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Today, we look at the cost of this year’s climate catastrophes. We will be watching the passage of NDAA and the four environmental fights closely next year.
Rachel Frazin was the editor of The Hill. Zack Budryk was the vice-president. Send us tips: email@example.com firstname.lastname@example.org. Follow us on twitter: @RachelFrazin @BudrykZack.
Lets jump in.
10 weather disasters cost $170B in damage
A new report by an aid group based in the United Kingdom reveals that the world’s 10 most costly weather disasters of 2021 left more than $170 trillion worth of damage.
Christian Aid publishes an annual report that estimates the cost of the worst weather catastrophes. The group’s 10 disasters for 2021 were $20 billion more costly than the 10 disasters that it highlighted in 2020.
According to the group, the estimated costs are also based on insured losses. This means that the actual costs of these events could be higher.
Kat Kramer (Christian Aids climate policy leader) wrote the report.
Climate change has been linked directly to extreme weather events like heat waves and heavy precipitation.
The report comes as policymakers from the U.S., and around the globe, seek to determine how to incorporate the cost of climate-related damage or potential savings from fewer environmental impacts into their decision-making.
Christian Aid’s report revealed that the U.S. and Europe were the three most expensive disasters of 2021. However, it noted that financial costs are generally higher in richer countries due to higher property values and insurance.
The most expensive? Hurricane IdaThe, which made landfall at Louisiana in August, then made its way to Northeast. Christian Aid stated that this event cost $65 Billion.
Learn more about the findings of this report here.
Biden signs defense bill that includes PFAS provisions
President BidenJoe BidenThe 10 races that will decide Senate majority Bidens: Desmond Tutu’s legacy will ‘echo through the ages’ Media love bad information; you don’t need to MOREMonday’s signing of a massive $768billion defense bill was announced by the White House. It established top lines and policy for Pentagon.
After Congress failed to pass the annual bill earlier in the month, Biden signed the fiscal 2022 National Defense Authorization Act.
The House passed this bill by an overwhelming bipartisan 363 to 70 vote in early December. The Senate followed suit with a bipartisan 88-11 vote.
After several failed attempts to pass an earlier version in the Senate, the compromise bill of $768.2 million was passed.
So what kind of energy- and environment provisions are there? Per a Summary for the Senate, it:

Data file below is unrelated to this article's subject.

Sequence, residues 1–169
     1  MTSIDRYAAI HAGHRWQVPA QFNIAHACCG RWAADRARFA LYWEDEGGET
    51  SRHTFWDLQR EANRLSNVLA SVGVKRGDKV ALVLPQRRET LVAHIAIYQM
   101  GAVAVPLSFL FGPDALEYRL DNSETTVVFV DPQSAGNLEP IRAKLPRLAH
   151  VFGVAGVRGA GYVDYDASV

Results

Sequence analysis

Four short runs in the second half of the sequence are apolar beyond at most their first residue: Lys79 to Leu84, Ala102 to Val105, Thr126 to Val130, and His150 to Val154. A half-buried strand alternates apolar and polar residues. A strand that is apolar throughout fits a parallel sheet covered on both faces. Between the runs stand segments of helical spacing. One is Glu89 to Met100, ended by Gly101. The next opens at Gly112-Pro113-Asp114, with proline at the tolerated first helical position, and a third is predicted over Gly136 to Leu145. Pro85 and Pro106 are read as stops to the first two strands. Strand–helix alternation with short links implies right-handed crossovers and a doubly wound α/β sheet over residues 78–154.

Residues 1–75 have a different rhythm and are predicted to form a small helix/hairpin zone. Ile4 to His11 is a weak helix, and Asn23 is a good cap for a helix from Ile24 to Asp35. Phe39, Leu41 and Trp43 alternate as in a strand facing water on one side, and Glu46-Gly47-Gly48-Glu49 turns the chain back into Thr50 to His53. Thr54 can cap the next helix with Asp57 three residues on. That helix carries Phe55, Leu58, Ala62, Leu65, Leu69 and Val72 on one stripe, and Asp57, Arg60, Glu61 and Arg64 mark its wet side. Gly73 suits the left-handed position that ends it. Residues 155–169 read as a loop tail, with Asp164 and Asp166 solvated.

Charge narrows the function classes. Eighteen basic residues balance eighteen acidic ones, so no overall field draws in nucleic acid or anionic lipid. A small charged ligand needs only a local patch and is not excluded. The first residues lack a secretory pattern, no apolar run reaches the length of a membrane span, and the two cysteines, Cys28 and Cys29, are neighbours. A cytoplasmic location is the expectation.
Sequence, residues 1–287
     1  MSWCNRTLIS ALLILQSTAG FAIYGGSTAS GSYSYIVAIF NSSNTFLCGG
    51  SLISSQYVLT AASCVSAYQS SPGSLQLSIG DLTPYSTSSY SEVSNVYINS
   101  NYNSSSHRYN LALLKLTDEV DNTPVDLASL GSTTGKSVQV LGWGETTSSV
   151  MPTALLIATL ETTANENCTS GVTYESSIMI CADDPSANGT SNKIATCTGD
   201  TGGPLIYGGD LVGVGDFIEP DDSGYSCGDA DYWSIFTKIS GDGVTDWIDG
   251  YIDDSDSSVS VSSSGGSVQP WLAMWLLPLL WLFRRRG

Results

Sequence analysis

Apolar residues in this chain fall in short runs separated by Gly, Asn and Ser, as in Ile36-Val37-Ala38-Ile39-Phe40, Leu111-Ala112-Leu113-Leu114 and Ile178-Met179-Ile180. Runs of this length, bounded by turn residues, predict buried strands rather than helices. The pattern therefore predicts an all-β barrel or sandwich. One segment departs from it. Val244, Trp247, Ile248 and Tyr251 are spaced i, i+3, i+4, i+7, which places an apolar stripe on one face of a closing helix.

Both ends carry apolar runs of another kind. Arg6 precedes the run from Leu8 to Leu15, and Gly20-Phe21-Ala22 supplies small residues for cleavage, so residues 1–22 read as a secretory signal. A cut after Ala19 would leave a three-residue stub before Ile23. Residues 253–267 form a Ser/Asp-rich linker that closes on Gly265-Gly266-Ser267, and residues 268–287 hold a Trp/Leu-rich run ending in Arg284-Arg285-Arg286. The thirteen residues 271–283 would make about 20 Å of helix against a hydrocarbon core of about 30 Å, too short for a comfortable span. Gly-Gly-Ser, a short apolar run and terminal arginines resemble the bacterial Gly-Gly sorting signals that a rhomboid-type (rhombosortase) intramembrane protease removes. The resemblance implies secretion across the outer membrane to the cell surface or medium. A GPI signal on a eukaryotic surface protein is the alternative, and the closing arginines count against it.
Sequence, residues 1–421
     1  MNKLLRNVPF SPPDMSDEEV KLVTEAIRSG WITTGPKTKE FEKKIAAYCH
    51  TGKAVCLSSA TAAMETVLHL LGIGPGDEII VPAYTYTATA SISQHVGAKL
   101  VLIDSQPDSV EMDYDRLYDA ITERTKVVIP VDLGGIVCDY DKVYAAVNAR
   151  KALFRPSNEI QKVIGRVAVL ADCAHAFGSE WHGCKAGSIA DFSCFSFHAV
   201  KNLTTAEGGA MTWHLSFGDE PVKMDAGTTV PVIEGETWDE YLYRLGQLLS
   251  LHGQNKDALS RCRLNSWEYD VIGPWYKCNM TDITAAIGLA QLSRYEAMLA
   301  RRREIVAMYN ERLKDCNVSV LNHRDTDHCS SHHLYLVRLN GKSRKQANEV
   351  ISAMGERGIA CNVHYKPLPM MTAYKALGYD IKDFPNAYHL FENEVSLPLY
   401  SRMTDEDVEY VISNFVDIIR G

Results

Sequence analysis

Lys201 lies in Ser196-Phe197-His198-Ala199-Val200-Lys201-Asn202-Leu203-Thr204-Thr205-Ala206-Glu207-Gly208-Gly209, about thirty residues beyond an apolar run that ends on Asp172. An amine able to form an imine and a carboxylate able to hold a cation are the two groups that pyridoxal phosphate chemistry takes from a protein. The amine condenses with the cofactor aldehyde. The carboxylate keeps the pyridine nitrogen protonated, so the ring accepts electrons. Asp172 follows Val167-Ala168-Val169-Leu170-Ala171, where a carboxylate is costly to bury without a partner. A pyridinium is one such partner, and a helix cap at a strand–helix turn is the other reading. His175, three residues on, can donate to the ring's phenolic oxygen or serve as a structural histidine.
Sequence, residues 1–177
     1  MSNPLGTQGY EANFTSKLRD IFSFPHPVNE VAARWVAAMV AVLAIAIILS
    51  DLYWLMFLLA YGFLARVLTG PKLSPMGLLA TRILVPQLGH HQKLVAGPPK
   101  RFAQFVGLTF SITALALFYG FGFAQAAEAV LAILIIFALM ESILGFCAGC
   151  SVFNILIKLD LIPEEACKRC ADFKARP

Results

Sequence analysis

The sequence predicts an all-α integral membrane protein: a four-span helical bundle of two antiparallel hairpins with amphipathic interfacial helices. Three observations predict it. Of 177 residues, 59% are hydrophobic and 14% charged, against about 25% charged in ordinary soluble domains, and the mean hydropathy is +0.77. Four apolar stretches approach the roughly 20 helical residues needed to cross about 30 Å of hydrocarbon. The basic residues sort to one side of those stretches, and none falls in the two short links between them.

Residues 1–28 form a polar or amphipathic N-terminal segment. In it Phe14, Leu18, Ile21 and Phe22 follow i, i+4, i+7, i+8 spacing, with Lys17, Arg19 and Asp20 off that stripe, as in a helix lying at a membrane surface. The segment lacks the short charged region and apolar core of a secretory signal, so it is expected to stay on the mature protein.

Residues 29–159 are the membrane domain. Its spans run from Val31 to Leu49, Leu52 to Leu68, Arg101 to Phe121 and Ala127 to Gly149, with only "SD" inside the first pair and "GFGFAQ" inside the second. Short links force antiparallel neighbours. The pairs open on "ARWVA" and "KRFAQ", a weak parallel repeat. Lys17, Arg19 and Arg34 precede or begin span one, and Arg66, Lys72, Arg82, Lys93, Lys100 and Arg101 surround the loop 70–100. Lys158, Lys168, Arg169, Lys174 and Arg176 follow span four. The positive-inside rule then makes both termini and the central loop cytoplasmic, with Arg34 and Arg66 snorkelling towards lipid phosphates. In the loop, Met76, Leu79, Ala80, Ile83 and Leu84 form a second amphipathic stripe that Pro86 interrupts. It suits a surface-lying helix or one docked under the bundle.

- Increased funding for the Army and Navy to clean up toxic chemicals called PFAS.
- Funding for a Centers for Disease Control and Prevention in the United States to conduct a PFAS health assessment
- Restricts open-air burning pits for waste
- Prevents the Defense Department to burn PFAS until there’s department guidance and a rule from EPA on PFAS dissolution
- Core processes must consider climate and environmental issues
Learn more about the bill from our defense team.
Despite Democrats’ recent uncertainty about the future of their sprawling climate policy and socialspending bill in the US, there will still be plenty of climate fights to keep an ear on in the new Year.
These are the four environmental battles you should be paying attention to in 2022.
1. Drilling for oil & gas on federal lands or waters
One of the most important environmental issues of 2021 will be whether or not to restrict leasing and permit for oil and gas drilling in federally-owned lands and waters.
Environmental groups are likely to oppose future sales, including a proposal that auctions ocean parcels near Alaska’s coast, and an expected onshore leasing sale in New Mexico. Republicans are expected support them.
2. Which waters are subject to federal protection?
Next year, the Environmental Protection Agency (EPA), is expected to propose a rule governing the regulation of waters in the United States.
Biden administration is expected propose to regulate more waters than Trump administration. However, its exact course of action isn’t completely clear.
3. How much will power plant emissions need to be controlled?
The Supreme Court and regulations will likely be the venues for the battle over power plant emissions.
The EPA will likely propose rules next year to regulate emissions from existing and new power plants. Both rules are expected to be finalized by 2023.
The Supreme Court, however, said in October that it would review the case after receiving requests from Republican-led States and coal companies. It is expected that it will review the tools available to the EPA to regulate greenhouse gas emissions from power stations.
4. Are countries willing to increase their climate commitments
The Glasgow Climate Pact was signed at the 2021 COP26 climate summit. It asks countries to review their short-term climate commitments before 2022.
It asked that countries increase their 2030 targets if necessary to align with the Paris Agreement climate goal, taking into consideration different national circumstances.
It is unclear which countries will increase their targets (known as Nationally Determined Contributions or NDC).
Learn more about these upcoming fights.
WHAT WE ARE READING
Finally, something a little offbeat and unorthodox: Deep dive into a new kind of scoop.
This is it for today. Thanks for reading. Check out The Hills Energy & Environment PageFor the most recent news and coverage. We look forward to seeing you Tuesday.